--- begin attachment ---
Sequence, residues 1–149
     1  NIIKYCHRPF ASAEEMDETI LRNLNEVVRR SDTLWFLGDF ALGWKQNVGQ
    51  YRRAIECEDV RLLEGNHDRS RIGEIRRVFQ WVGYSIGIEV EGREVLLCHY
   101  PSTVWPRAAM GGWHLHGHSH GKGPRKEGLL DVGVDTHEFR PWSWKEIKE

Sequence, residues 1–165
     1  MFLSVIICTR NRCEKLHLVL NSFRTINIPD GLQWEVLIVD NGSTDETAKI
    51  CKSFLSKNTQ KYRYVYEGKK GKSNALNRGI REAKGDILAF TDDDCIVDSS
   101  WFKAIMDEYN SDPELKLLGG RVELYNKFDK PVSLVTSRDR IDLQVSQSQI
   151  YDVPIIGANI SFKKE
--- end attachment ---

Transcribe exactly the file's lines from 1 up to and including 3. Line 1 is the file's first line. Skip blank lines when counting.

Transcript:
Sequence, residues 1–149
     1  NIIKYCHRPF ASAEEMDETI LRNLNEVVRR SDTLWFLGDF ALGWKQNVGQ
    51  YRRAIECEDV RLLEGNHDRS RIGEIRRVFQ WVGYSIGIEV EGREVLLCHY